The family of a Maltby war hero will remember his service this week, on the centenary of the moment which earned his highest military honour.
John Bolam of the Northumberland Fusiliers was awarded the Military Medal after his act of bravery on June 22, 1917, during a defensive operation following the Battle of Arras .
On that day, he was stationed at Cuthbert trench to the east of Arras just, outside a village called Roeux.
The German forces had the advantage of high ground from which they shelled British trenches with mustard gas shells.
John was boxed in with his comrades suffering from gas effects but still held the position and kept the German advance at bay.
It was two days before the regiment could get him out and offer medical attention, and he returned to the front just days later.
His great grandson Nick Dwyer said: “As a soldier, I have served in Afghanistan, Kosovo twice and Northern Ireland but my experiences will never be as bad as John’s during the First World War.”
The military report on the incident gives an indication of what John endured.
It said: “The shells now were carrying a new and particularly offensive chemical charge of what was known as mustard gas. It blistered the skin and caused painful irritation of eyes and nose, throat and lungs.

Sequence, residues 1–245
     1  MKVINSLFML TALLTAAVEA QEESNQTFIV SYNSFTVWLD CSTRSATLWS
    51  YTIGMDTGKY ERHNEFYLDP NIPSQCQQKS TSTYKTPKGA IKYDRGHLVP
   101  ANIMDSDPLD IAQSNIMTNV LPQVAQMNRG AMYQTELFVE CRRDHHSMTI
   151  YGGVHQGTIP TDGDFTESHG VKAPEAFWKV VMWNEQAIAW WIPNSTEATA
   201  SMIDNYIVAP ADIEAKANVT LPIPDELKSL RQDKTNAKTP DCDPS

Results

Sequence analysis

“It temporarily disabled far more than it either killed or permanently invalided, but its most detestable quality was that wherever it was successfully discharged it remained a source of danger and trouble for many days.”
The report added: “It hung about in dugouts, cellars and even shelters above ground. It often soaked into men’s clothing, and loosed off again its exhalations in sunlight or by a fire.
“It saturated patches of ground so that men were gassed as they dug them. Its victims hardly appreciated the suggestion that as the percentage of fatal results was not high it was, after all, a ‘humane intervention.’”
The First World War saw the first large scale use of chemical weapons.
While they continued to be used after the war’s end, by 1925 public opinion had turned, leading to prohibitions in the Geneva Protocol.
The incident came a year after John had married his sweetheart Jessie while on leave, and his service in the Battle of the Somme.
In 1918 he was shot, and his injuries led to him being discharged from the army.
In the 1920s, he and Jessie moved to Maltby and, when the Second World War broke out, he served in the town’s Home Guard. He died aged 80 in 1971.
Nick said: “They had quite a few children, then grandchildren, and now Bolam is a well-known name in Maltby.
“I don’t know every member of the family but I hope they will know what John did.”